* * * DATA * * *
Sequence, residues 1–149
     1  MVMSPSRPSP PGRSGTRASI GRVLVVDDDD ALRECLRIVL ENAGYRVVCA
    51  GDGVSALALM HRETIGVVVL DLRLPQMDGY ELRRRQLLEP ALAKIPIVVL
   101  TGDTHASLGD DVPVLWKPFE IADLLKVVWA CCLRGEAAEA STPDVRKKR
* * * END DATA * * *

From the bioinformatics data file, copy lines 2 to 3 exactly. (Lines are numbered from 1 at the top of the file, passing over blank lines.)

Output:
     1  MVMSPSRPSP PGRSGTRASI GRVLVVDDDD ALRECLRIVL ENAGYRVVCA
    51  GDGVSALALM HRETIGVVVL DLRLPQMDGY ELRRRQLLEP ALAKIPIVVL